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Twitter for Business: Our Top Tips!

twitter-followersIf you create a Twitter account for your business, think carefully about what your message will be and how much time you are able to commit to maintaining your profile. Social networks are fantastic for building a potential client base and increasing traffic to your website but you need to investment some time and effort when it comes to what you say and how you say it.

Include a profile picture or ‘avatar’ on your page – you can use your company logo. The anonymous “eggs” mean nothing to your potential followers and most will assume that your account is for spamming other users!

For your Twitter “bio” write a description of your business services so that people can get an idea of what you’ll be talking about – be brief though as there is a 160 character limit! Try using some keywords here e.g. ‘marketing’ or ‘hospitality’.

Tweet regularly! If you have an account set up but have only tweeted a couple of times in six months, you won’t gain new followers – they like to see that your account is up to date and checked often.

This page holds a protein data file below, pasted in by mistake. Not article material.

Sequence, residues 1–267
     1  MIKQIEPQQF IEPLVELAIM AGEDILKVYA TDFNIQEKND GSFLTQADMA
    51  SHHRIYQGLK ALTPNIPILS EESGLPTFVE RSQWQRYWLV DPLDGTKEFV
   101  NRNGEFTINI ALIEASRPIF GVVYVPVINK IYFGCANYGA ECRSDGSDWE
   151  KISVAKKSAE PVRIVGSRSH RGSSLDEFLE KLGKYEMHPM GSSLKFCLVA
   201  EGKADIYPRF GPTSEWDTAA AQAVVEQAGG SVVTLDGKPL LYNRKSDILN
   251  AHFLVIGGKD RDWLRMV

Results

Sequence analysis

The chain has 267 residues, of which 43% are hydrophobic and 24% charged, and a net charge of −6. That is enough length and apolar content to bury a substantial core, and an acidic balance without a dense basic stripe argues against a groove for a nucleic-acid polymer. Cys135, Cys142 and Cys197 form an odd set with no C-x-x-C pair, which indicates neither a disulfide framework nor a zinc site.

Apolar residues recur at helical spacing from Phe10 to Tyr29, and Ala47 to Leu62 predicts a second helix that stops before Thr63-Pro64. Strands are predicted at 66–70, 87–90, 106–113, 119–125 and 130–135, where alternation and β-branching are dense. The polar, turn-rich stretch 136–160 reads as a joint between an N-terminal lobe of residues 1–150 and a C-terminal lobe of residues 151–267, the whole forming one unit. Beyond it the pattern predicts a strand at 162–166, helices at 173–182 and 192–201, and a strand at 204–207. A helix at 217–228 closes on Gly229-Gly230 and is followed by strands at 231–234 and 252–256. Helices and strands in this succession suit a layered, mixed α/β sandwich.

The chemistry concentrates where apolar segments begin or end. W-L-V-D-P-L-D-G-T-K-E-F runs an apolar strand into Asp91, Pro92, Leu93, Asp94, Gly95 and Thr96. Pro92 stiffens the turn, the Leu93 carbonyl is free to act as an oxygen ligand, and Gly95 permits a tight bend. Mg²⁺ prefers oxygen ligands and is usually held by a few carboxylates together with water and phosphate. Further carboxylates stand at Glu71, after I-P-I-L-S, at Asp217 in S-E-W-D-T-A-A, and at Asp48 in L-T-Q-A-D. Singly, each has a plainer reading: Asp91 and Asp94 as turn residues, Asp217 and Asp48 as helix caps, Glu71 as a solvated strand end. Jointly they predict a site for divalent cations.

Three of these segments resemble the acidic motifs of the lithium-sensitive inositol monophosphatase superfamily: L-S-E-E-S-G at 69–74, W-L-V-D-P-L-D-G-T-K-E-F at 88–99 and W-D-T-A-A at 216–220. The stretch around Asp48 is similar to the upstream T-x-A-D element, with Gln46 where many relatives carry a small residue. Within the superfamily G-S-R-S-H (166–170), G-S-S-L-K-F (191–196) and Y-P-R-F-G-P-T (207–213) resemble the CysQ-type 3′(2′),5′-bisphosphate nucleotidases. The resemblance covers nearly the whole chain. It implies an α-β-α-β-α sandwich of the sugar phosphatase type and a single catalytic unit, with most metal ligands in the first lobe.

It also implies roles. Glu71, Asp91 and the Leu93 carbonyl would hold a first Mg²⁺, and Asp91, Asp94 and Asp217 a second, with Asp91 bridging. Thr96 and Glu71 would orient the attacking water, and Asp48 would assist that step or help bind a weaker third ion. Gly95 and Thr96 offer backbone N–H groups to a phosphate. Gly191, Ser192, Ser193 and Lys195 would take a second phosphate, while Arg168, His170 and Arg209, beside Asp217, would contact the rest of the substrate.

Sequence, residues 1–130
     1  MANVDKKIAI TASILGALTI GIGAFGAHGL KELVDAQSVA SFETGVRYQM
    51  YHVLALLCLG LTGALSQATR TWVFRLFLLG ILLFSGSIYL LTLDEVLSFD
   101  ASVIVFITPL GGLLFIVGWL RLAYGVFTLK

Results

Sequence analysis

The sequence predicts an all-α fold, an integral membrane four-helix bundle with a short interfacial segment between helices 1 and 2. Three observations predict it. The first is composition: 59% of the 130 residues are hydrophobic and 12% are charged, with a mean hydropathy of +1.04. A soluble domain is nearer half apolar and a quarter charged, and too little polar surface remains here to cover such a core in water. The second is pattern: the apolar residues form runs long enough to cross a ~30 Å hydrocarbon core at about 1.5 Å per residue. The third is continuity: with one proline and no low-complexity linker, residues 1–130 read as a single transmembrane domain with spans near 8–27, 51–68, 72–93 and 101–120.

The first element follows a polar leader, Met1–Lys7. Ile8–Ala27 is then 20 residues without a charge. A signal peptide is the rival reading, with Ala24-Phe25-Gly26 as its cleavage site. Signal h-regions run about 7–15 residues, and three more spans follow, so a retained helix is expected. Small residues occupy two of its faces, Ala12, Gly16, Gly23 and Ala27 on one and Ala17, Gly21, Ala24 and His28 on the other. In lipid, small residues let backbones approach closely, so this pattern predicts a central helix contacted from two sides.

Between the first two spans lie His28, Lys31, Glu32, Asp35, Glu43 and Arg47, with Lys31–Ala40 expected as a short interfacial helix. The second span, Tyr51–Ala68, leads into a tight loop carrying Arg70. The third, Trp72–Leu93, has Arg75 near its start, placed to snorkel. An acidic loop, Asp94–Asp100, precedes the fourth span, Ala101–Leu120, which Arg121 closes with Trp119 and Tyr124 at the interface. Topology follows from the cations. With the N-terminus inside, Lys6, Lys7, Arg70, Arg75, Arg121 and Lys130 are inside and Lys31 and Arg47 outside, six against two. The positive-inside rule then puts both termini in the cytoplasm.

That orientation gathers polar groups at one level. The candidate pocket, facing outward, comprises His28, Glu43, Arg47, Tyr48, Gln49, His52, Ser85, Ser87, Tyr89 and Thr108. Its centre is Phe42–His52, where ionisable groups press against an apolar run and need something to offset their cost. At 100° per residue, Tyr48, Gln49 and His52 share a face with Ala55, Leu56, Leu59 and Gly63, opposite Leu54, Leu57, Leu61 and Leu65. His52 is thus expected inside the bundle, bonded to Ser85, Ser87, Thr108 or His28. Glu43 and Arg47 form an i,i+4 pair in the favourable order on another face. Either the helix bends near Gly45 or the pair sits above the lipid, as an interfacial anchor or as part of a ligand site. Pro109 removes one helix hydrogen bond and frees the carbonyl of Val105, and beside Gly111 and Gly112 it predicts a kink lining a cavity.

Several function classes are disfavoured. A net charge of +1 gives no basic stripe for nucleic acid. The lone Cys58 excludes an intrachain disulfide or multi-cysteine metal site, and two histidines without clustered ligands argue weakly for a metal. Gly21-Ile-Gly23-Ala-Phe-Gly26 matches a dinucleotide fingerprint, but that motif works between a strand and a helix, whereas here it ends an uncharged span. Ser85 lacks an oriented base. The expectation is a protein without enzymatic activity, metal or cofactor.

Don’t be tempted to lock your account (shows as a padlock symbol) – this means that users can’t easily follow you and your followers can’t retweet any of your messages. Users may also wonder why you are being so secretive….!

Vary your tweets! Twitter works best for business when you mix your content. If you constantly tweet sales messages, your followers will get fed up and you will lose them. Be sure to start conversations, tell people what you’ve been up to and encourage people to engage with you! You can also retweet relevant tweets from other users too – it doesn’t always mean that you’re endorsing them but it’s nice to share and grow your network.

Your organic Twitter followers will grow at a slow pace to begin with but don’t panic! Don’t be tempted to follow thousands of accounts as you may be penalised for a poor following/followers ratio (and Twitter will stop you from following anyone new!) Cherry pick who to follow – it’s a good idea to mix potential clients with existing ones alongside industry peers and media outlets.

It’s OK to tweet about things other than your business! Try to remind your followers that there is a human being behind your tweets and not just an automated bot churning out sales and data! And don’t be tempted to talk about yourself the whole time – you’ll lose followers very quickly!